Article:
Singapore is a city-state of multiple layers and depth. While the clichéd image is one of skyscrapers and super-speed transport – and this isn’t wrong – , there’s a lot more to Singapore than that.
A historic seaport, Singapore made an incredible transformation from developing to developed nation in only a generation; it has now become an international hub of innovation, trade, technology and transport. It’s a hugely diverse place to be with a combination of Indian, Malay, Chinese and Western influences.
This has resulted not only in a fascinating cultural mix but also fantastic food. They say that eating is a national pastime in Singapore and that seems like an understatement. From high-end restaurants to the buzzing hawker centres, food is the beating heart of the city. Aside from all the eating, there is plenty to keep visitors entertained, from sky-high cable car rides over the city to endless expanses of gleaming shopping malls.
Travelling to Singapore means a trip full of surprises and adventure, all in a tiny area! With such a modern vibe it is easy to believe that it espouses tolerance towards all sexualities as well, but the attitude towards LGBT rights in Singapore is actually a disappointing one. While we believe gay travellers should be excited to visit this city, it’s important to be aware of the situation before travelling. This guide aims to give an overview of the current situation to help LGBT travellers prepare for a trip to Singapore.
Much like in India, Singapore retained the law from the British Empire prohibiting sodomy. Unlike in India, Singapore has not made the decision to repeal this law, meaning that under Section 377A homosexuality remains illegal (technically, the law says nothing about same-sex relations between two women). The punishment is two years in prison.
While the Attorney General has said that cases are rarely prosecuted if they involve consenting adults in private, he also made a point of highlighting that he still has the legal power to prosecute. There was a partial repeal for heterosexual couples in 2007 but the Prime Minister took the opportunity to emphasise that “Singapore is a conservative society [where] family [means] one man, one woman”, so there was no chance of a step forward.
Other parts of Singapore’s Penal Code could also potentially be interpreted to prosecute gay men, like section 354 on the ‘outrage of modesty’ or section 294A covering obscene acts in public. Perceived violation of these could result in two years’ imprisonment.
Human rights groups and LGBT activists have been pushing to repeal the law for many years and the recent victory in India has given some hope, although the countries are very different. It is argued that the law breaches articles 9 and 12 of Singapore’s constitution but in 2014 the High Court decided to preserve the ban.
With Section 377A still in place, the legal situation for LGBT rights in Singapore remains backwards. There is no recognition for same-sex relationships, adoption is illegal and there are no anti-discrimination laws in place. The media is even forbidden to promote “the glamorization of the homosexual lifestyle” so in the rare occasion an LGBT character appears on TV they are portrayed as damaged and have to be ‘fixed’.
While the government says that Section 377A isn’t proactively enforced, the LGBT community argue that this is a reductive argument as having this ban in place influences public opinion and makes people live in fear, marginalised in their community.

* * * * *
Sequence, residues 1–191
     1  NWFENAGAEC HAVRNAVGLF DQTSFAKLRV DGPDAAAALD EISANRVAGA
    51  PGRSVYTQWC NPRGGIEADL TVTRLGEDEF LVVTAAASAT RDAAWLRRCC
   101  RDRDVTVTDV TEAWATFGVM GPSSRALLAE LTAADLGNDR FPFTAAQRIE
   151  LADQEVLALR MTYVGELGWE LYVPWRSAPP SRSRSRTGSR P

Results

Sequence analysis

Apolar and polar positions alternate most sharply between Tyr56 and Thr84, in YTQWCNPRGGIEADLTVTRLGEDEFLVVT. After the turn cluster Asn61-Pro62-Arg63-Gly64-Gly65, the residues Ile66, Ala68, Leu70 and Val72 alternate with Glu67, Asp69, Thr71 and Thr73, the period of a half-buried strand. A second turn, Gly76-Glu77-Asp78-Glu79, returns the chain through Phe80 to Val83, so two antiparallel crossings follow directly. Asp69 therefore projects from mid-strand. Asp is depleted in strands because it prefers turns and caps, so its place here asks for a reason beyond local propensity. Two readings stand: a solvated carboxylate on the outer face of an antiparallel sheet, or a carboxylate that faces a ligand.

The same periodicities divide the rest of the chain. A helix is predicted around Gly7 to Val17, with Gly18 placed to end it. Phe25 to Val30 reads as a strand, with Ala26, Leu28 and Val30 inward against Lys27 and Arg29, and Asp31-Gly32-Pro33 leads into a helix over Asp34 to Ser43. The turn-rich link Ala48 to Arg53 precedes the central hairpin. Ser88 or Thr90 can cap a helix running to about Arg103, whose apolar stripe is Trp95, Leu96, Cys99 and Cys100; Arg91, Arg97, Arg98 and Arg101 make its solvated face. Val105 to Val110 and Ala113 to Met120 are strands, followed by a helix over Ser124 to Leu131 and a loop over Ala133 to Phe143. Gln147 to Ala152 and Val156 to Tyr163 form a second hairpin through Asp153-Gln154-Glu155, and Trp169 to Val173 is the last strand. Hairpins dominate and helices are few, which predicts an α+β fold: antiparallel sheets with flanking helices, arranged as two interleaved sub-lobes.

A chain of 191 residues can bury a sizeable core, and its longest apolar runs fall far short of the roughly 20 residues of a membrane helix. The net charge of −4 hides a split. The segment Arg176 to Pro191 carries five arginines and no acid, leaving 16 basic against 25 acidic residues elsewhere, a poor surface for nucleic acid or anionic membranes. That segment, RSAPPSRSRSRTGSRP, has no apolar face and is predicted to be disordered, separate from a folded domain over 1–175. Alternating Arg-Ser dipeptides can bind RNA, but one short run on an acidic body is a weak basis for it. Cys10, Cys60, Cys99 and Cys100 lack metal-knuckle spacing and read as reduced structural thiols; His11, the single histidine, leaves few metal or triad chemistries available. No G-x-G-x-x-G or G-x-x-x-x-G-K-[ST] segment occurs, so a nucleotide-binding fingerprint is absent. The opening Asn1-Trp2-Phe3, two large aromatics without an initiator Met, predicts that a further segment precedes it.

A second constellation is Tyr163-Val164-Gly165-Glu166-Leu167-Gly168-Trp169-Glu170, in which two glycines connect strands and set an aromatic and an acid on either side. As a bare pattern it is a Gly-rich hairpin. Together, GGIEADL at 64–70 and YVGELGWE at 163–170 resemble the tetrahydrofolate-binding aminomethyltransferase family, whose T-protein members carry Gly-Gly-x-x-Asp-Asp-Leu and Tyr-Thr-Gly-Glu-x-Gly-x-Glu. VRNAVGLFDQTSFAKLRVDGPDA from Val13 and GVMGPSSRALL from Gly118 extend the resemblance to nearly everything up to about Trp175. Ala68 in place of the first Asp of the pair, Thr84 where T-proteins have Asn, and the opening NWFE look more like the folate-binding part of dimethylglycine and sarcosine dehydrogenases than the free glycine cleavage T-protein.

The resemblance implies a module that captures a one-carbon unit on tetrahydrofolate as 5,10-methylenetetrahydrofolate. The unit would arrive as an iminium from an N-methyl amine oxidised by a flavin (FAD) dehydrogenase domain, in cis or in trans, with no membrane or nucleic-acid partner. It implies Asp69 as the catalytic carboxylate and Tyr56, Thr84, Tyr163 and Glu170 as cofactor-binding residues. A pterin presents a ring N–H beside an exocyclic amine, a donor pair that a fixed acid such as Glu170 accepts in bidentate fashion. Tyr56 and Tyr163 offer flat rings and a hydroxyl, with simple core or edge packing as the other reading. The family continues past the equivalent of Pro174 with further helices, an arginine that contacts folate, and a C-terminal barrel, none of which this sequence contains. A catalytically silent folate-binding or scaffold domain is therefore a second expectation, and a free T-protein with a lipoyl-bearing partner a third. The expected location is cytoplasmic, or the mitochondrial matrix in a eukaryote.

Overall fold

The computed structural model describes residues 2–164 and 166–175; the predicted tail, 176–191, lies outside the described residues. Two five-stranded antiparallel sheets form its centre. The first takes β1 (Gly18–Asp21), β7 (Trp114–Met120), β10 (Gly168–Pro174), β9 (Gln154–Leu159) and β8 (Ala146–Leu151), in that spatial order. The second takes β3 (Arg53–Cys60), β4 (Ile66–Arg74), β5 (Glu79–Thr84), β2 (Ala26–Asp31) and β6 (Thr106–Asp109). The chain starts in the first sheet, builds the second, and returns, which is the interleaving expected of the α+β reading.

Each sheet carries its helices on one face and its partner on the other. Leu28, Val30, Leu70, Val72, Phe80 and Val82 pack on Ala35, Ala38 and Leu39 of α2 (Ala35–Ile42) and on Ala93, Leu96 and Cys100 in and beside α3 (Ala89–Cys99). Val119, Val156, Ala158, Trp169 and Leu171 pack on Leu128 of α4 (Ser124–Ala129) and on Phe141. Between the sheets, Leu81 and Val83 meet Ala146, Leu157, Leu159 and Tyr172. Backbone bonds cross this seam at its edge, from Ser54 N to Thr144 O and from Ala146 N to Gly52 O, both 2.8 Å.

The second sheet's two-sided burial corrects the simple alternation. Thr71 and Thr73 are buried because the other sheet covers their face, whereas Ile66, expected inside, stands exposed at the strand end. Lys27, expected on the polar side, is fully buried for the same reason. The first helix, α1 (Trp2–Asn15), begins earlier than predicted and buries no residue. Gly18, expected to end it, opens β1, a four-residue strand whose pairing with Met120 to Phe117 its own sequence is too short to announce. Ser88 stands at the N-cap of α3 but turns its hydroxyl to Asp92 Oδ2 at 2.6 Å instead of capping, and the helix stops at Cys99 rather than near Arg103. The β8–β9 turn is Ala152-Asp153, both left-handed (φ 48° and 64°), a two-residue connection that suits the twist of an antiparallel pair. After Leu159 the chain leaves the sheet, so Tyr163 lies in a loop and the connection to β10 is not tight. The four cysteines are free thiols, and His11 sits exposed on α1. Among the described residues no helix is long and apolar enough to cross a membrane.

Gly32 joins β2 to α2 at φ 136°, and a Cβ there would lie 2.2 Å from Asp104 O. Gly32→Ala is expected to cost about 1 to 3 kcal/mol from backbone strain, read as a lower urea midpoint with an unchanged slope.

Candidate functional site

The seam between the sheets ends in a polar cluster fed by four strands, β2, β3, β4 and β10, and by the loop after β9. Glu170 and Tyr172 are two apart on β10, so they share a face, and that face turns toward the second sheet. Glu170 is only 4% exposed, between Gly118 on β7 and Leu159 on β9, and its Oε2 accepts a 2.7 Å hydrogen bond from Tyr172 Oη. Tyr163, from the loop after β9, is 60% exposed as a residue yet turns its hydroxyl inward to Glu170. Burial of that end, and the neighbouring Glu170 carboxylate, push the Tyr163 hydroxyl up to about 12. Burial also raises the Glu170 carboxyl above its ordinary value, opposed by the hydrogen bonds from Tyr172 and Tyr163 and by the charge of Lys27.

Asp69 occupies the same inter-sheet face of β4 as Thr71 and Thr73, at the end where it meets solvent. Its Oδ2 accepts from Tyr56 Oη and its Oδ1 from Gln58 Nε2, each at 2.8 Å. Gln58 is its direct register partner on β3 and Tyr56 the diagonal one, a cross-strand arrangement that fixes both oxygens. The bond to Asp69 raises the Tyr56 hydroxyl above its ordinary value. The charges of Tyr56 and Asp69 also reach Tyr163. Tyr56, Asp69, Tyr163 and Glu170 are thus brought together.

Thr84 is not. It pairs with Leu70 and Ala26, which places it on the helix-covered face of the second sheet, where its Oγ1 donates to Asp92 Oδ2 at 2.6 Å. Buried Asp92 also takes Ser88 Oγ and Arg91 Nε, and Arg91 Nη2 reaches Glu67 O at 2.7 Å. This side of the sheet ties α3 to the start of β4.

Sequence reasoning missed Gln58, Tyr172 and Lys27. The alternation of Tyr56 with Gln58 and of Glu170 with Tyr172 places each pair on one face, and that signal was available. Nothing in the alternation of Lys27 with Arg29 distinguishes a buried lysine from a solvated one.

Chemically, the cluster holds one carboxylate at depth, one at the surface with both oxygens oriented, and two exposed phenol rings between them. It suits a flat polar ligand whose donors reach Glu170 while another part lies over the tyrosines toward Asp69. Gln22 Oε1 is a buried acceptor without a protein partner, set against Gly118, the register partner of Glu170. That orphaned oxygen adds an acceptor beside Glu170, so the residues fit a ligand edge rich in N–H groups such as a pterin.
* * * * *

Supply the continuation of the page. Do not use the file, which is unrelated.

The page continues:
The social situation for LGBT rights in Singapore is complicated. While many members of the gay community live their lives relatively unmolested, there is always a sense of a hammer waiting to fall. Society in Singapore is not particularly extremist or religious, but it is still very conservative and opposition to repealing Section 377A is probably because it’s conflated with breaking down the traditional family.
Public opinion has gradually swung towards slightly more tolerance towards same-sex relationships or even gay marriage, although it is still not overwhelmingly in favour. A 2019 survey showed that a third of people would support same-sex marriage (23% were unsure or did not answer), with younger people being more likely to support it. This means a depressing 43% are against.
While most LGBT people living in Singapore might feel relatively safe, they do not feel comfortable or accepted. With the ban on positive representation in the media, zero education on LGBT issues old-fashioned misconceptions, life can be a struggle for those who come out.
The media ban is particularly troubling when you think about the risk of HIV – it is impossible to show condom adverts, for example. The illness still carries a stigma and sufferers have to disclose their information on a database and to their employers. Campaigners talk of the lack of information available on HIV and a January 2019 leak of medical records on 14,200 HIV positive patients caused shockwaves to go through the LGBT community. Such confidential data in the public domain could cause huge amounts of damage, considering the discrimination.
There have been some positive shifts as a result of consistent activism on LGBT rights in Singapore. Pink Dot, the annual gay pride rally, started in 2009 and grows year on year. Prominent celebrities have come out and there is hope that this will provide inspiring role models for young gay people in the closet. Many feel it is about ignorance, rather than bigotry, and that the outcome of activism will be to engage with the majority who simply haven’t encountered any LGBT people before.